A classical evening with Zanta Hofmeyr
One of the last events of the season at the Manoel Theatre was the performance dominated by two very accomplished South African musicians.
Violinist Zanta Hofmeyr and pianist Elna Van Der Merwe with Maltese soprano Gillian Zammit and clarinettist Godfrey Mifsud, delighted the audience in a performance presented by Frenech, Farrugia, Fiott Legal in aid of the Malta Community Chest Fund.
Beginning with Mozart's Sonata for violin and piano in G, K. 301 the two musicians immediately proved what a well-knit team they are in a work which in this genre Mozart still treats the piano not as a mere accompanying instrument but as one which shared prominence with the violin.
How lucky Ysaÿe was that César Franck wrote his only violin sonata as wedding present for his fellow Belgian. I must confess this is one of my top favourites and would definitely have it with me if marooned on some desert island. Preferably too, if played in the way this was performed by the two women.
A supreme example of cyclic music, the material unfolds in wave after irresistible wave of drama and tenderness. It is at times most tantalising, when it appears as if it were over, only to come back in force to assail the senses, to seduce, spell-bind and conquer.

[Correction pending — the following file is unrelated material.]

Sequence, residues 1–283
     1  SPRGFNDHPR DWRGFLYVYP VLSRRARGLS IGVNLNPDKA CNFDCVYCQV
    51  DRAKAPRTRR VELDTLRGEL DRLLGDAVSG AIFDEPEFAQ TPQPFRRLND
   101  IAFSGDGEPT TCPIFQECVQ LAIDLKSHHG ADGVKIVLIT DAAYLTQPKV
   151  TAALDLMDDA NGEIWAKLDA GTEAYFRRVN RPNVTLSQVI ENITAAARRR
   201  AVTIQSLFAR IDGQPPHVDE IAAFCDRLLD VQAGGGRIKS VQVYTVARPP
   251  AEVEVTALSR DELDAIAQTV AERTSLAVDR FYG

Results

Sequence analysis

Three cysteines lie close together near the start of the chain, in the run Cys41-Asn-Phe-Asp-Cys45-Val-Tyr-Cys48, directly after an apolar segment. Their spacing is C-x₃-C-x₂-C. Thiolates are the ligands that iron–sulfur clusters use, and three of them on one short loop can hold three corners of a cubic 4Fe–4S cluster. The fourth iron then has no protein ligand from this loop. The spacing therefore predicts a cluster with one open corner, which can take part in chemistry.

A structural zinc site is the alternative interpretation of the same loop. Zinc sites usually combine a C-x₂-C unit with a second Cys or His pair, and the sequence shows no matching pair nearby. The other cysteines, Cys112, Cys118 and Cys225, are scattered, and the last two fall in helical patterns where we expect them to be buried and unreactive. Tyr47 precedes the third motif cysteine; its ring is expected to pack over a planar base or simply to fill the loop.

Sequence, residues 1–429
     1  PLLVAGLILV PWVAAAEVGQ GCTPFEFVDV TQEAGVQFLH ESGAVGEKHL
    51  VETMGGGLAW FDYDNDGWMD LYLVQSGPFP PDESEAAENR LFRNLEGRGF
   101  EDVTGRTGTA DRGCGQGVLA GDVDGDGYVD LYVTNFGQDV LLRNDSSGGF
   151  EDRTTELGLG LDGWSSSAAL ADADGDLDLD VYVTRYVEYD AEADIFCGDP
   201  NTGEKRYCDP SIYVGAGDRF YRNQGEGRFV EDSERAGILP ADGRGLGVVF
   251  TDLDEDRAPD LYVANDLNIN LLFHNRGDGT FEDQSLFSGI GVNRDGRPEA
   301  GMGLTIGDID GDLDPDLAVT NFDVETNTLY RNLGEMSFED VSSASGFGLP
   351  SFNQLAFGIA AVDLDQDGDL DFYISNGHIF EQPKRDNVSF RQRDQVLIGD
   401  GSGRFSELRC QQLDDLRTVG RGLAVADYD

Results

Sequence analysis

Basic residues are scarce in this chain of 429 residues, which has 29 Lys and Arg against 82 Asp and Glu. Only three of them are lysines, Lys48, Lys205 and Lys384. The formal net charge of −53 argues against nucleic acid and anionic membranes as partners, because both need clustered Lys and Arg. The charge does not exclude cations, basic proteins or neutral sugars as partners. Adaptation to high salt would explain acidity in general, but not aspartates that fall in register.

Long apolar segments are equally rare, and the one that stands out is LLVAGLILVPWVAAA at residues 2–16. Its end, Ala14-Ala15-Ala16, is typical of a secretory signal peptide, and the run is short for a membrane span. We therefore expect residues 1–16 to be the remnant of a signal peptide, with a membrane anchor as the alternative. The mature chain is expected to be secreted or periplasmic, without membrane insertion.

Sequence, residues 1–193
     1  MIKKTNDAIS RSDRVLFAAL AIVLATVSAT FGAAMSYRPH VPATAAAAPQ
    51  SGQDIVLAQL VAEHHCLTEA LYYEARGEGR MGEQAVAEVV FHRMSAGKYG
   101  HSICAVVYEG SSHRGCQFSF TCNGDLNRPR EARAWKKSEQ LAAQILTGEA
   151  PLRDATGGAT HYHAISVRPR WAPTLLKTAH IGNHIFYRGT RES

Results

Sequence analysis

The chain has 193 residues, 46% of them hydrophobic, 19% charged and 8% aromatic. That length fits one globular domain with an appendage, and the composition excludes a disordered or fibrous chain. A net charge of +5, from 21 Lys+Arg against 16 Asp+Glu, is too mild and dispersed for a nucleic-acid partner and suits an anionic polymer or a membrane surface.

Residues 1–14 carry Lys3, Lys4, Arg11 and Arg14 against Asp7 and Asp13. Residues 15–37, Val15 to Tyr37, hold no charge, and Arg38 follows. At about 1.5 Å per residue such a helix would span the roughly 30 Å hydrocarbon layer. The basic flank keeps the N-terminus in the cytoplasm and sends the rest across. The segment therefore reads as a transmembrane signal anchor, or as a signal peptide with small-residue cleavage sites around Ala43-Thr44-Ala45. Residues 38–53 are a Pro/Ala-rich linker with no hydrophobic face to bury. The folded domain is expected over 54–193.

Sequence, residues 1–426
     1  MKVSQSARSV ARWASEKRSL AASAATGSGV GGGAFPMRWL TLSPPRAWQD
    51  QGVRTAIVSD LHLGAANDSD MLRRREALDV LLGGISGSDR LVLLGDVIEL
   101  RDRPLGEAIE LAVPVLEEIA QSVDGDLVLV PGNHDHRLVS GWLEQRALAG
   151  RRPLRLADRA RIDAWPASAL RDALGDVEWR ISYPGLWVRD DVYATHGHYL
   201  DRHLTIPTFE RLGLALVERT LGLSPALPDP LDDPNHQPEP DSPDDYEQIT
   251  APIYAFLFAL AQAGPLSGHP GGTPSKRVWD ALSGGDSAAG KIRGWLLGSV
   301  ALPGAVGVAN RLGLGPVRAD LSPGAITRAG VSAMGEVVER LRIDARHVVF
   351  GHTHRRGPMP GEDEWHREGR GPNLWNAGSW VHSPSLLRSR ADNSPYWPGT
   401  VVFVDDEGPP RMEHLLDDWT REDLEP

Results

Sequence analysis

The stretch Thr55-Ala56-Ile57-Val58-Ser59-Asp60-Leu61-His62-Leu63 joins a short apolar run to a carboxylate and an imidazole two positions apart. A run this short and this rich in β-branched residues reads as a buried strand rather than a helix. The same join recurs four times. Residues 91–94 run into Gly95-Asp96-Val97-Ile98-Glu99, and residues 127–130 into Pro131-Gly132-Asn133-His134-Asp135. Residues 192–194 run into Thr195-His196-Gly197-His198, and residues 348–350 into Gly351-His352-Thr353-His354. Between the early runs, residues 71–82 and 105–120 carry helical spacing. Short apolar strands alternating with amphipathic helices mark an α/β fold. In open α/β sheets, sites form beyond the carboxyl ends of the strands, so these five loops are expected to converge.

Even the best violinists would never dare attempt a performance of this masterpiece if they did not have a pianist worth his/her salt, for the piano part requires great skill technique, involvement and supreme musicianship, qualities Elna Van Der Merwe possesses in abundance.
The second part was lighter by comparison. It began with soprano Zammit singing O mio babbino caro from Puccini's Gianni Schicchi with great charm.
Different in character, she was even better in Caccini's famous Ave Maria to violin and piano accompaniment. Mifsud, one of our best clarinettists, joined the violinist and piano in Charles Camilleri's mood setting exercises.
If any direct quotes from De Falla's music were expected, these never materialise the work being of a rather generally Mediterranean character with no boundary restrictions.
Monti's Csárdas was a virtuoso performance by the violinist, dedicated to a mysterious, anonymous lady somewhere in the audience, followed by the more serene and sedate Jascha Haifetz transcription of Debussy's lovely song Beau Soir, with muted violin for better effect.
Genuine De Falla came with a dance from that composer's La vida breve marked with a lot of verve and zest. The successful performance by the duo and the audience's enthusiastic reception of it was such that the public had to be placated with an encore, the Méditation from Massenet's Thaïs. - The Sunday Times, Sunday 5th June 2011, Malta